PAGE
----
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Sensing Divisions - Queen's University Belfast Virtual Conference 21-22 May 2020
Dr Jim Donaghey presented 'Punk Song Counter-Narratives to "War" and "Peace" in Northern Ireland, 1977-2020'
For over 40 years, punk has provided a critical counter-narrative to sectarian ‘two traditions’ mentalities in Northern Ireland. From punk’s earliest appearance here, punk set its stall outside or against the ethno-national conflict, whether in the vein of The Undertones’ saccharine pop escapism (‘Teenage Kicks’ 1978), or in Stiff Little Fingers’ visceral vision of an ‘Alternative Ulster’ (1978). Bands from the early 1980s, such as Ruefrex, situated themselves within their own sectarianly demarcated communities, even while arguing against sectarian division. Anarchist-informed punk in the 1980s, such as Toxic Waste or Stalag 17, sharpened the critique of the conflict, denigrating both ‘sides’ as socially domineering and oppressive – bands associated with the Warzone Collective have continued this anarchist counter-narrative throughout the 1990s (e.g. Pink Turds in Space), 2000s (e.g. Runnin’ Riot), and 2010s (e.g. 1000 Drunken Nights). This anarchist punk counter-narrative has been just as sharply critical of the post-1998 ‘peace’ as it was of the Troubles ‘war’.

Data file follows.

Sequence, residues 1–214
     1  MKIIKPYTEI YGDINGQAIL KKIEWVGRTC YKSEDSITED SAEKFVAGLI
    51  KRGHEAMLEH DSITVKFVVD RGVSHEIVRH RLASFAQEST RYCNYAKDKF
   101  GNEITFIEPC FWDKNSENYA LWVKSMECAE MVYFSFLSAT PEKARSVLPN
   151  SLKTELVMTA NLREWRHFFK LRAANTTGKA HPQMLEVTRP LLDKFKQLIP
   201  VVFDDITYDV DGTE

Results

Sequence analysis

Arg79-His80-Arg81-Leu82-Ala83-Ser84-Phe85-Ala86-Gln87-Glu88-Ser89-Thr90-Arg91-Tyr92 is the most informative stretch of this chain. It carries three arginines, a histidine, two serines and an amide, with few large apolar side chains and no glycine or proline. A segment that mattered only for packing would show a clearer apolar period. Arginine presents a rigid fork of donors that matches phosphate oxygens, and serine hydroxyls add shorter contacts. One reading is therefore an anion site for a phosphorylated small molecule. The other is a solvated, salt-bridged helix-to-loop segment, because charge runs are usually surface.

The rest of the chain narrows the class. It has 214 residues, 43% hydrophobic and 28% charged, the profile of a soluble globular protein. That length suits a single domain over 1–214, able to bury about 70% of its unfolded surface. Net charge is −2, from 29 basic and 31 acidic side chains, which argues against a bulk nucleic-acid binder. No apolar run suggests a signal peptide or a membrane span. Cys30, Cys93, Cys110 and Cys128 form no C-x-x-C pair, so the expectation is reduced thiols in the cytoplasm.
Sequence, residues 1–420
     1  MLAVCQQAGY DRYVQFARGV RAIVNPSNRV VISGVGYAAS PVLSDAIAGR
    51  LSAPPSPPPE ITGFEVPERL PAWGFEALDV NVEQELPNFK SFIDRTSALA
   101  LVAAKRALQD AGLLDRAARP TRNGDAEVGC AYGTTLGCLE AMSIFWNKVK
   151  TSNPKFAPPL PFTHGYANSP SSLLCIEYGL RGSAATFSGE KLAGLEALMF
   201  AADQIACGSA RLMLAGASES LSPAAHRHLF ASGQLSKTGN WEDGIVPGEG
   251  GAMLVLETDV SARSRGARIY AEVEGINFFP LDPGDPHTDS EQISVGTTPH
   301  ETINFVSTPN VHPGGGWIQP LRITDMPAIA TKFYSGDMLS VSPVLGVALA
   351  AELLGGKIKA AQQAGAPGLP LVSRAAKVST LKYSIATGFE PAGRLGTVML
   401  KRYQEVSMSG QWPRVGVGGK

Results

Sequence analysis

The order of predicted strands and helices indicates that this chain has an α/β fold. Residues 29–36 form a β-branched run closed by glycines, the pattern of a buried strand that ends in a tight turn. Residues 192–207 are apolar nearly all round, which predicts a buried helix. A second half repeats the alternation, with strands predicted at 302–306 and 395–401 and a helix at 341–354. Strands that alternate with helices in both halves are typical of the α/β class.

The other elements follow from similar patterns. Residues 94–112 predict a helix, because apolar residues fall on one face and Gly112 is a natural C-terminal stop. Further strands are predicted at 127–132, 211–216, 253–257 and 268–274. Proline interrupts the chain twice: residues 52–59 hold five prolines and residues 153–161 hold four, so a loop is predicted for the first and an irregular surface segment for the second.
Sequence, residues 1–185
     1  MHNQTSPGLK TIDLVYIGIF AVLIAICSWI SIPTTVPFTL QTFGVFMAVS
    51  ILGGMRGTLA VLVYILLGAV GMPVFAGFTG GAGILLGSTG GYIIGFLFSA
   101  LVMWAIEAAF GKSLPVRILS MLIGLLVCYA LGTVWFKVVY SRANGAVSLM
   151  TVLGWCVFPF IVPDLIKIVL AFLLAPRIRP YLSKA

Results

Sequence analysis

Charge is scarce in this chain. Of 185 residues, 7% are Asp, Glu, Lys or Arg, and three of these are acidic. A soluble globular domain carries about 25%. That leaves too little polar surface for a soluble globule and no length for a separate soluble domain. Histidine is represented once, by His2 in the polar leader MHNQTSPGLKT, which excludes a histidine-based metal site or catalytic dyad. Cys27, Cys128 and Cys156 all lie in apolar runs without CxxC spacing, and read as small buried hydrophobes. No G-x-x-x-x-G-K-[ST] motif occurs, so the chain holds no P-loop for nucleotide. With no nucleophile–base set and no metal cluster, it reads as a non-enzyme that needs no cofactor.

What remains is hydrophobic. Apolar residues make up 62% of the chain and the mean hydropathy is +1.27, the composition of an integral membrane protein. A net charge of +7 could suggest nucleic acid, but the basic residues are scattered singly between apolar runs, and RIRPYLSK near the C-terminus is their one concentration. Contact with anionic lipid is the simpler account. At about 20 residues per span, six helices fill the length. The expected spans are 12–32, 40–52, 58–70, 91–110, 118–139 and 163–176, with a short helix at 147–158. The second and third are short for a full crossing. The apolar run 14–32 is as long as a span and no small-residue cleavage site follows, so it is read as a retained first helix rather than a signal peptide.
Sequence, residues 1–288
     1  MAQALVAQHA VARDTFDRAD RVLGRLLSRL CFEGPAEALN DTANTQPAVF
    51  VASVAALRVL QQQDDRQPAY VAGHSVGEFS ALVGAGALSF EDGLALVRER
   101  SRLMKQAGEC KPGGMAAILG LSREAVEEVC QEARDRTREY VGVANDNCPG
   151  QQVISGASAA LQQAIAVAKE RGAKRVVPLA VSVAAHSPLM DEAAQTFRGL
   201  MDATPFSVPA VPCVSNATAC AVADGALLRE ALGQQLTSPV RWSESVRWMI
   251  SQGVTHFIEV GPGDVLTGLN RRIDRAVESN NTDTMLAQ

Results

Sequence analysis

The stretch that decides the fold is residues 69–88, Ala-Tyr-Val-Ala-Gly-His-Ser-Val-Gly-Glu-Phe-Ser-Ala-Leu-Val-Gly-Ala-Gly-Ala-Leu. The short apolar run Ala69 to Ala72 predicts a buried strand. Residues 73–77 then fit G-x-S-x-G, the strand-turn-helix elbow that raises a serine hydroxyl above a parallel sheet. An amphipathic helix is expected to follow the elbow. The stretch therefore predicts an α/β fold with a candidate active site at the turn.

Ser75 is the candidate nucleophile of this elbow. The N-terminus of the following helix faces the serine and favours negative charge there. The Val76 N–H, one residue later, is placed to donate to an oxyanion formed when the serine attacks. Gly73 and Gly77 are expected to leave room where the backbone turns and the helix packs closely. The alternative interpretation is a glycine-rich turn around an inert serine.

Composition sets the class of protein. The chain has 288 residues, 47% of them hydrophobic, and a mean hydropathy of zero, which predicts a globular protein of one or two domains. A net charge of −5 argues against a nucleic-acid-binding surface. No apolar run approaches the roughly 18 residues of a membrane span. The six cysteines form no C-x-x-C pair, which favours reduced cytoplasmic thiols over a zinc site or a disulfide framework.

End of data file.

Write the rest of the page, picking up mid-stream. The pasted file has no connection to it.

Other bands have set their political sights beyond Northern Ireland, appealing to wider themes of resistance, class-based solidarities, or animal liberation, but avoiding ‘local’ issues entirely. The ‘escapist’ trope has persisted as well, with numerous bands eschewing ‘Politics’ to focus on themes of alcohol- and drug-fuelled self-destruction, horror and gore themes, sex, or banal rock ‘n’ roll – but in the context of Northern Ireland, perhaps such an eschewal of ‘Politics’ is intensely political after all.
This paper took the form of a curated chronological playlist of Northern Ireland punk songs, aurally sketching this punk counter-narrative through the songs themselves. The presentation is available on YouTube. https://youtu.be/z-1GTfPyZM0
Annotated lyric sheets and artwork were provided to guide the listening experience, and participants were invited to share their reflections on the playlist in the post-paper discussion.